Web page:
The Utah Legislature has passed SB 227, which would enact the Utah Consumer Privacy Act and establish a framework for controlling and processing consumers’ personal data in the state for companies meeting certain thresholds.
The bill will apply to a data controller that conducts business in the state or produces products or services for consumer residents that also:
- Has annual revenue of $25,000,000 or more and controls or processes personal data of 100,000 or more consumers, or
- Derives over 50% of the entity’s gross revenue from the sale of personal data and controls or processes personal data of 25,000 or more consumers.
Certain entities are exempt from the bill’s requirements, including governmental entities and third parties under contract with a governmental entity that acts on behalf of that entity; tribes; institutions of higher education; nonprofits; certain types of health information subject to federal health privacy laws; consumer reporting agencies, furnishers, and consumer report users of information involving personal data bearing on a consumer’s credit; financial institutions and affiliates subject to federal privacy disclosure requirements; personal data regulated by certain federal regulations; and air carriers.
Data processors must adhere to a data controller’s instructions and enter into a contract with clearly specified instructions for processing personal data. The bill also requires data controllers to, among other things:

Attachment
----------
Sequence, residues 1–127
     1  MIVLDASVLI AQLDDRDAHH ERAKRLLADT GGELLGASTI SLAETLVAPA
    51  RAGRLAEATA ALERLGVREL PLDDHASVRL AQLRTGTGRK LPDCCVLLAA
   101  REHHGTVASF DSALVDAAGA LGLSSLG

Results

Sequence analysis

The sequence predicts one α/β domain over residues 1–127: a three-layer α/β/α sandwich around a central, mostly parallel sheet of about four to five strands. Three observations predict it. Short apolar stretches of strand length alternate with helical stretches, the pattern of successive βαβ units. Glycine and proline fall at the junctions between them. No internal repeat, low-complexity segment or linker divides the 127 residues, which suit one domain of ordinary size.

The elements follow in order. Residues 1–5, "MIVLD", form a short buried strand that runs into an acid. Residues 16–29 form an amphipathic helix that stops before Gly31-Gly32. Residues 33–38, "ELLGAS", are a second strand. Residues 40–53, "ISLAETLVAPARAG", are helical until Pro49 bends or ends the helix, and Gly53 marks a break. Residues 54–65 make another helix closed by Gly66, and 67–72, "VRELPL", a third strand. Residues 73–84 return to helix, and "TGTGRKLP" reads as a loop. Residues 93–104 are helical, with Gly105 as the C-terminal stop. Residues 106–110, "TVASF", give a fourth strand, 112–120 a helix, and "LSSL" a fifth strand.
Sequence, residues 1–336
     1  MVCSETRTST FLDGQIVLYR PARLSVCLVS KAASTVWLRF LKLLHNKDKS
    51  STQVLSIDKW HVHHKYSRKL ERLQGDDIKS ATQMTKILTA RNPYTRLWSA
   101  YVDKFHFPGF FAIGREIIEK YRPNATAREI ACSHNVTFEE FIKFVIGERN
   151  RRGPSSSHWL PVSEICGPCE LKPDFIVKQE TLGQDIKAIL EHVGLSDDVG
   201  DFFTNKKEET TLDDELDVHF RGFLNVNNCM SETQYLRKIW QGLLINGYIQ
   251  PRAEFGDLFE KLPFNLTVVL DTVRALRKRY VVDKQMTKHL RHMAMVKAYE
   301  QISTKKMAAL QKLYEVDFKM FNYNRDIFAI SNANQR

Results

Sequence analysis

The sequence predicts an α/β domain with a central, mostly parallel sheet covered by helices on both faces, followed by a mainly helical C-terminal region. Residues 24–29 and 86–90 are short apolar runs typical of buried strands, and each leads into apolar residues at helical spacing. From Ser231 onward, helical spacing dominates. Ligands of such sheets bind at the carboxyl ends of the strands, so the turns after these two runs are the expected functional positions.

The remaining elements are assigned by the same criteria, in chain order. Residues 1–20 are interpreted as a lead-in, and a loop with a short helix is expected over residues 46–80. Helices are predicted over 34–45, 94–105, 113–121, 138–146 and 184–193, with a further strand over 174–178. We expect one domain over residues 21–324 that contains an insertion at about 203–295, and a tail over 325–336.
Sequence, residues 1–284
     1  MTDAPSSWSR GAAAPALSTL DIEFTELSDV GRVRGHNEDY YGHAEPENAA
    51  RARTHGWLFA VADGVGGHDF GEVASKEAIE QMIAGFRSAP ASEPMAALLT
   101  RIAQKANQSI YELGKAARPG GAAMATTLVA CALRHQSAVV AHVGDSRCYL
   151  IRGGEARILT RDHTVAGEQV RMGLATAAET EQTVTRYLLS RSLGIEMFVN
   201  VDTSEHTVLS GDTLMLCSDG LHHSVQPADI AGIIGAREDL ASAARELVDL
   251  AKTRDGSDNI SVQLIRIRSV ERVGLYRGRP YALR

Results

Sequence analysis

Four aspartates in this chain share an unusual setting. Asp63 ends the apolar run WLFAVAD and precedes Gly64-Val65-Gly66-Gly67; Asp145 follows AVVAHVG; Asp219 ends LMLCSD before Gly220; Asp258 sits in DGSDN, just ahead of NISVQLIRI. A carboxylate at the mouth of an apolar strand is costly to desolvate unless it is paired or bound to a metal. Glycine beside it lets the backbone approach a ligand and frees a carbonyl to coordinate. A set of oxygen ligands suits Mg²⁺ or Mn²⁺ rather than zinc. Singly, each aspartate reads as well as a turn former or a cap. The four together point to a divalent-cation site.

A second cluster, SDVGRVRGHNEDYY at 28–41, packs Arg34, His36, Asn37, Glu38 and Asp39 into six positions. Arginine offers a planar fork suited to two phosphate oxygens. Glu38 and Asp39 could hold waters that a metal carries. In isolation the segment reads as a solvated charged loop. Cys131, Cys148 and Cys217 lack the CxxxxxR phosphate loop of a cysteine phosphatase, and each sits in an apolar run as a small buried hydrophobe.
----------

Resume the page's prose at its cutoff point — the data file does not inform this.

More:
- Provide privacy notices to consumers disclosing certain information regarding data collection and sharing practices (including sharing with third parties)
- Disclose to a consumer if personal data is sold to third parties or if it engages in targeted advertising, how consumers may exercise their rights under the bill
- Avoid processing sensitive personal data without first presenting a consumer with the opportunity to opt out. The bill further specifies requirements for processing deidentified data or pseudonymous data.
Consumers will be able to, among other things:
(a) Confirm whether their personal data is being processed and access their data
(b) Delete their data
(c) Obtain a copy of their previously provided data; and,
(d) Opt out of the processing of their data for targeted advertising and the sale of their data.
The regulation contains many consumer rights but no private right of action. It gives the Division of Consumer Protection investigative power. It also grants the state attorney general exclusive authority to enforce the law. As well as, to seek penalties of up to $7,500 per violation plus recovery of reasonable investigation and litigation expenses.
SB 227 is similar to other state and international regulations such as the California Consumer Privacy Act (CCPA), the General Data Protection Regulation (GDPR), and the Virginia Consumer Data Protection Act (VCDPA). If signed, it would likely be effective December 31, 2023.